Religion has regained political prominence in the twenty first century and not least for the manner in which it intersects with ethnicity. Many ethnic conflicts have a strong religious dimension, and religion appears as a powerful force for mobilisation, solidarity and violence. Religion and ethnicity can each act as a powerful base of identity, group formation and communal conflict. They can also overlap, with ethnic and religious boundaries coinciding, partially or completely, internally nested or intersecting.
This volume maps the different forms of intersection: cases where religion is prioritised in private life and ethnicity in public, where each coexists in tension in political life, and where the distinctions reinforce each other with dynamic effects. It maps the different patterns with case studies and comparisons from Ireland, Northern Ireland, France, Zimbabwe, Ghana and Malaysia. It shows how ordinary people construct their solidarities and identities using both ethnic and religious resources. This opens up analysis of the socially transformative, as well as politically antagonistic, potential of religion in situations of ethnic division.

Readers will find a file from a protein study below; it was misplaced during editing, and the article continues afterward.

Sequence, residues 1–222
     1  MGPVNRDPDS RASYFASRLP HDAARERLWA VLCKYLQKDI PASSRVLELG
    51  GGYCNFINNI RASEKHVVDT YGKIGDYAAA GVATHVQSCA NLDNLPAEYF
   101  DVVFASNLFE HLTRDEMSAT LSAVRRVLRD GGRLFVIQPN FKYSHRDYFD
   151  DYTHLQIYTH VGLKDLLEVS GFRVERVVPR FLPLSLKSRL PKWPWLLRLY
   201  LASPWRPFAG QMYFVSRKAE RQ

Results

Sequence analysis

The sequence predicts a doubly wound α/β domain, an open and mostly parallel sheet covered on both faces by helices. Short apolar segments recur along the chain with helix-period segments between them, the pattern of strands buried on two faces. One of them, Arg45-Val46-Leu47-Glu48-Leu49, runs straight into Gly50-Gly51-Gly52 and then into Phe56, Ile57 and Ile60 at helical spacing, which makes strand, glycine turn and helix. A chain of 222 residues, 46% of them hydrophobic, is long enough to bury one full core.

This book was published as a special issue of Ethnopolitics.
Table of Contents
1. Ethnicity and Religion: Redefining the Research Agenda Joseph Ruane and Jennifer Todd 2. The Situational Importance of Ethnicity and Religion in Ghana Arnim Langer 3. Legible Pluralism: The Politics of Ethnic and Religious Identification in Malaysia Graham K. Brown 4. The Push and Pull between Religion and Ethnicity: The Case of Loyalists in Northern Ireland Claire Mitchell 5. Religious and Ethnonational Identification and Political Violence Robert D. Lowe and Orla T. Muldoon 6. Symbolic Complexity and Political Division: The Changing Role of Religion in Northern Ireland Jennifer Todd 7. Ethnoreligious Change in Northern Ireland and Zimbabwe: A Comparative Study of How Religious Havens Can Have Ethnic Significance Gladys Ganiel 8. Ethnicity, Religion and Peoplehood: Protestants in France and in Ireland Joseph Ruane
Joseph Ruane is Professor at the Department of Sociology, University College Cork. He is a historical sociologist who has written extensively on Irish historical development, the Northern Ireland conflict and settlement, and on Protestant minorities in contemporary Europe.
Jennifer Todd is Professor at and Director of the Institute for British Irish Studies at the School of Politics and International Relations, University College Dublin. She has written extensively on the Northern Ireland conflict and settlement, and more generally on issues of identity (including ethno-national identity) and identity change.